In 1919, both the House and Senate passed the 19th Amendment and the battle for state ratification commenced. Three-fourths of the states were needed to ratify the amendment. The battle for ratification came down to the state of Tennessee in the summer of 1920; if a majority of the state legislature voted for the amendment, it would become law. The deciding vote was cast twenty-four year-old Harry Burn, the youngest member of the Tennessee assembly. Originally intending to vote “no,” Burn changed his vote after receiving a telegram from his mother asking him to support women’s suffrage. On August 18, 1920, Tennessee ratified the 19th Amendment. Six days later, Secretary of State Colby certified the ratification, and, with the stroke of his pen, American women gained the right to vote after a seventy-two year battle. August 26th is now celebrated as Women’s Equality Day in the United States.
While many suffragists left public life and activism after the 19th Amendment was enacted, Alice Paul believed the true battle for equality had yet to be won. In 1923, on the seventy-fifth anniversary of the Seneca Falls Convention, Paul announced that she would be working for a new constitutional amendment, one she authored and called the “Lucretia Mott Amendment.” This amendment called for absolute equality stating, “Men and women shall have equal rights throughout the United States and every place subject to its jurisdiction.” The Equal Rights Amendment (ERA) was introduced in every session of Congress from 1923 until it passed in 1972. During the 1940s, both the Republicans and Democrats added the ERA to their party platforms. In 1943, the ERA was rewritten and dubbed the “Alice Paul Amendment.” The new amendment read, “Equality of rights under the law shall not be denied or abridged by the United States or by any state on account of sex.”
“I never doubted that equal rights was the right direction. Most reforms, most problems are complicated. But to me there is nothing complicated about ordinary equality.”
Alice Paul- Interview, 1972
Alice Paul worked tirelessly for the Equal Rights Amendment in the United States and for women’s rights internationally. Following the passage of the 19th Amendment, Paul earned three law degrees (LL.B., LL.M. and D.C.L.). She also traveled to South America and Europe during the 20’s through the 50’s. She began the World Woman’s Party (WWP), headquartered in Geneva, Switzerland, in 1938. The WWP worked closely with the League of Nations for the inclusion of gender equality into the United Nations Charter and the establishment of the United Nations Commission on the Status of Women. Alice Paul moved back to the United States in 1941 and became active in American women’s issues. She led a coalition that was successful in adding a sexual discrimination clause to Title VII of the 1964 Civil Rights Act. The re-emergence of the women’s movement in the late sixties led to renewed interest in the ERA; in 1972, the Senate and the House of Representatives passed the amendment and it went to the states for ratification. Congress placed a deadline of seven years on the ratification process; the amendment needed 38 states to become law. Though the deadline was extended until 1982, the amendment fell short of ratification by three states. Since 1982, the ERA has come before every session of Congress and current efforts are underway to ratify the amendment. If Congress repeals the time limit of the original bill and three states vote for ratification, the ERA could become law. For more information on the Equal Rights Amendment, visit www.equalrightsamendment.org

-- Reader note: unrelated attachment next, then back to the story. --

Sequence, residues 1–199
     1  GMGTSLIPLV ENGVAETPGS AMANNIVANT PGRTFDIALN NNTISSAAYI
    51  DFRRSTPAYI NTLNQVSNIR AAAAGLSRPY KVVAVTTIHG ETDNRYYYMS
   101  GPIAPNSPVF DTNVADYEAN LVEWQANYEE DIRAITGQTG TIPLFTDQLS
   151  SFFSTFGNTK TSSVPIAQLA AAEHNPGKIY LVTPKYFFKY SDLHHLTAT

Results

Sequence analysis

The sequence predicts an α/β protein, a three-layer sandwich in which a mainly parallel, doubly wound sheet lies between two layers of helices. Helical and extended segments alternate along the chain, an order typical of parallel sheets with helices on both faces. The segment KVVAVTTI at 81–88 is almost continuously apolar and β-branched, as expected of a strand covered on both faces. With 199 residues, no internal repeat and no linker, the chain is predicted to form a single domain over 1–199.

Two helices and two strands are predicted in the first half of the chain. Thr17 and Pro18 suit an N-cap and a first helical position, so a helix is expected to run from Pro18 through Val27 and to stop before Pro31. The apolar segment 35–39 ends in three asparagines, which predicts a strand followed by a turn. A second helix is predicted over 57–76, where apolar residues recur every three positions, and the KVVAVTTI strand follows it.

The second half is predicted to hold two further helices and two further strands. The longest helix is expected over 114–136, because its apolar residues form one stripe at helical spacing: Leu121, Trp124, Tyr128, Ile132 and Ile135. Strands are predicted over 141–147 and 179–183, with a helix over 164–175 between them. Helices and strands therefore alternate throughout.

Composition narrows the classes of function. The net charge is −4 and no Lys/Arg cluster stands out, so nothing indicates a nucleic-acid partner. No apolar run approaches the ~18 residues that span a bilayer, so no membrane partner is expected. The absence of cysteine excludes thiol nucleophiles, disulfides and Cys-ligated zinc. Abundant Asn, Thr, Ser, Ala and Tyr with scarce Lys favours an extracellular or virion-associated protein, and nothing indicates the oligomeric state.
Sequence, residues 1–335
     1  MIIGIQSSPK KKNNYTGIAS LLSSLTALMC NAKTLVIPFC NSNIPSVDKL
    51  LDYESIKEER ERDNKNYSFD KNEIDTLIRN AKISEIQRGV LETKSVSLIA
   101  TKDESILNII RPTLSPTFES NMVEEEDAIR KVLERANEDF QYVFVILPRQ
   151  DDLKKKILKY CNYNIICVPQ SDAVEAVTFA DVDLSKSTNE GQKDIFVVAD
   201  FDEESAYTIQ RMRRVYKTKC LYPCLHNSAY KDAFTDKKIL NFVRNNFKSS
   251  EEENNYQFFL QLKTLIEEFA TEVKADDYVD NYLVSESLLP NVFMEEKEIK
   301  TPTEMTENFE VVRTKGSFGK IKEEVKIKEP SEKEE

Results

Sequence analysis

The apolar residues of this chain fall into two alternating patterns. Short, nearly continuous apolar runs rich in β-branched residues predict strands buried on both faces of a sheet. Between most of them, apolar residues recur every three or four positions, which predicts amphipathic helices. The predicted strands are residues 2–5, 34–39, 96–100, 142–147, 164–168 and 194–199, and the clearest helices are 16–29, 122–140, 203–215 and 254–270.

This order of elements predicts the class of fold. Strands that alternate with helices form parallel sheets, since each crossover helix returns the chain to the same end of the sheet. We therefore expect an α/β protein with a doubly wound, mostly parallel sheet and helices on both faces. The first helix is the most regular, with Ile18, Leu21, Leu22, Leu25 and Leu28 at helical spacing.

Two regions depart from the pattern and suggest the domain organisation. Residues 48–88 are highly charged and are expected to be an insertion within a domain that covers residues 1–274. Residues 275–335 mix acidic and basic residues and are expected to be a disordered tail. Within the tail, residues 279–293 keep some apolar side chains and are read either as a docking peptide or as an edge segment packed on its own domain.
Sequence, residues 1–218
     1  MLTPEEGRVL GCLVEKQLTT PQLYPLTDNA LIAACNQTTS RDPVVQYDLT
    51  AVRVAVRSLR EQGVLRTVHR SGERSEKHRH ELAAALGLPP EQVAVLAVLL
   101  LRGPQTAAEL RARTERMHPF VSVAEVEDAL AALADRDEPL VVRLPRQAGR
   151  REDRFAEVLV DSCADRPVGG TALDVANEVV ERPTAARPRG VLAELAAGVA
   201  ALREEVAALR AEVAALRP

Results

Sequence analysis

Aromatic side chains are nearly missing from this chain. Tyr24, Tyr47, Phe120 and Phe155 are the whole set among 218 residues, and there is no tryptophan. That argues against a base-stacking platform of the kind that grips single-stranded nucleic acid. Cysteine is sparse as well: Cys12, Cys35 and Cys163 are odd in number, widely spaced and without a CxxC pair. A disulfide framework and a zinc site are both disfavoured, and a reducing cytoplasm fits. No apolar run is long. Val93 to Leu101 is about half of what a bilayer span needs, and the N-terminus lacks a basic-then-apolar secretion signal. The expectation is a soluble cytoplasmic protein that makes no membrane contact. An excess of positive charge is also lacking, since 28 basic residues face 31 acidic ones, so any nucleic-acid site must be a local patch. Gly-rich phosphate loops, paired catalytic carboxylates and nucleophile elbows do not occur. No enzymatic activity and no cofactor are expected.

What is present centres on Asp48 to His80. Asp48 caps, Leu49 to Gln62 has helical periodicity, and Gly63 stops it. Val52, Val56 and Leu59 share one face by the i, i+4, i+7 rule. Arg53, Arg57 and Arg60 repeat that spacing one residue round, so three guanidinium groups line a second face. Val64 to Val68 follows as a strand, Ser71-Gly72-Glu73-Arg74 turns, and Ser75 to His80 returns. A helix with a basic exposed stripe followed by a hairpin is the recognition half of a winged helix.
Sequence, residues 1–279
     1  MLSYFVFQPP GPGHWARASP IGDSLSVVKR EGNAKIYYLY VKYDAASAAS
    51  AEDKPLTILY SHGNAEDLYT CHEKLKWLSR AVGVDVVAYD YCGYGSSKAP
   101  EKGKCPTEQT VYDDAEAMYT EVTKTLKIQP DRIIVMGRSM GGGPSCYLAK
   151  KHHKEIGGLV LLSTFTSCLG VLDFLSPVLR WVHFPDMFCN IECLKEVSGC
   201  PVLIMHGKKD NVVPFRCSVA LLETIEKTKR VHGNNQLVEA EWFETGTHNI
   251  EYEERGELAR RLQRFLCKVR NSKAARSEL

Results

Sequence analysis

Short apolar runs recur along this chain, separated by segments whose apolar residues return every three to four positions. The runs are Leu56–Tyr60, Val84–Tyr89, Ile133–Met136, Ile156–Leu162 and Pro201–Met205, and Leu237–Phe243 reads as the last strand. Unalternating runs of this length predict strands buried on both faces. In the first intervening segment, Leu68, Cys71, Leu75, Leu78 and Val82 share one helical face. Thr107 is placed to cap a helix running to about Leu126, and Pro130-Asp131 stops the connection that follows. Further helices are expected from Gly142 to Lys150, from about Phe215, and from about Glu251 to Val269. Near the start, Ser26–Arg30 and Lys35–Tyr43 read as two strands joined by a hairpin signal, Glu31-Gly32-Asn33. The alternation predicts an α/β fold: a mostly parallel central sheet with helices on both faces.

“I never doubted that equal rights was the right direction. Most reforms, most problems are complicated. But to me there is nothing complicated about ordinary equality.”
- Alice Paul- Interview, 1972
Alice Paul died on July 9, 1977, in Moorestown, New Jersey, just a few miles from her birthplace and family home of Paulsdale. Her life demonstrates that one person can make a difference. Her legacy lives on, bearing witness to the significance of her life and inspiring others who struggle for social justice. The Alice Paul Institute was founded in 1985 and is dedicated to creating a heritage and leadership development center at Paulsdale. The Institute works to educate and encourage women and girls to take leadership roles in their communities and to continue the long struggle for women’s equality. In her name, API works to fulfill its mission to honor her legacy, preserve her home, and develop future leaders.
Alice Paul biography written and edited by Rebecca Carol (API Intern, 04), Kristina Myers (Program Associate), Dr. Janet Lindman (Chair, API Board).